Many years ago, but not so far away, there was a sparkling bright-eyed teenager named Tricia.
Now Tricia had all the makings of a princess – social butterfly, stylish, talented. The kind of princess who could hold court with the learned and wise, the young and the old, the rich and the poor. Now, how did I know that? For one thing she was a nominee (or something of that sort) for Miss Oklahoma. I really don’t know all that much about it. But I knew what my eyes could see and what my ears could see. She was beautiful and she could sing.
However, I also saw something that went far beyond that. Although she could have been the leader of any clique, maybe she was; I don’t know that either. But she definitely was not “clique-ish.”
At this point, let me tell you about another character. He was another member of the young crowd in our church. At least he was in that age range. He was not impressive; nothing wrong with him, but just not impressive. Now a lot of guys are like that, at least they think they are. But this young man just didn’t fit it. As the groups would get together to go out after church, he didn’t go. My heart just sort of hurt for him. You probably think I’m going to say that Tricia was the princess who kissed the frog and he became her prince. No. It wasn’t that. But I did see Tricia take time to give him special attention on more than one occasion. Sat on the pew and chatted a bit. Smiled. Prayed. Just little things. I’ve never forgotten.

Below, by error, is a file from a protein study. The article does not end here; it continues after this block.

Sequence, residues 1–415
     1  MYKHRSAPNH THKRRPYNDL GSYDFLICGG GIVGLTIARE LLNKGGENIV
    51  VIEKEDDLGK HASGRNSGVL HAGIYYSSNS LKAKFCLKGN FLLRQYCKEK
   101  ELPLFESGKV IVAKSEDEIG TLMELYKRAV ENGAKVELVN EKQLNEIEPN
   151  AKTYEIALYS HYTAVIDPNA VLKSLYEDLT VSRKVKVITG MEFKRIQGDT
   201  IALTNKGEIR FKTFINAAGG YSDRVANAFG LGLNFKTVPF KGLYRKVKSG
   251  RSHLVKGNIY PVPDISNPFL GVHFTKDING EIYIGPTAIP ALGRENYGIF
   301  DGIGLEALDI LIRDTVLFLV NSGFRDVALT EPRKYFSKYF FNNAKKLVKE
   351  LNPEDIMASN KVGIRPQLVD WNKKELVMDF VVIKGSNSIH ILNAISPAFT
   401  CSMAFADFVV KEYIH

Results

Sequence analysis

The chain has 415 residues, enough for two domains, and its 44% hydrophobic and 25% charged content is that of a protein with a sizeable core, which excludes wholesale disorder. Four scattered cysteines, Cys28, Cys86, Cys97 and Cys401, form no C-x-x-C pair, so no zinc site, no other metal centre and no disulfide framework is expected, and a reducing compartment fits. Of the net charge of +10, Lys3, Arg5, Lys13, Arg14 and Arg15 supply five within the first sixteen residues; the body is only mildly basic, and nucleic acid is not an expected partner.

I saw Tricia last month after more than forty years. I hugged her and told her this story and how it had been my memory of her from that long time ago.
I asked if I could use her picture and relate this tiny insight into what makes a princess, a Princess. That makes a sweet and humble girl a Miss America in my eyes.
Tricia, I know you made that young man feel pretty special, because you made me feel pretty special, too. Thanks for the hugs. Thanks for the smile. Thanks for letting me tell this bit of your story.
Thanks for being a Princess.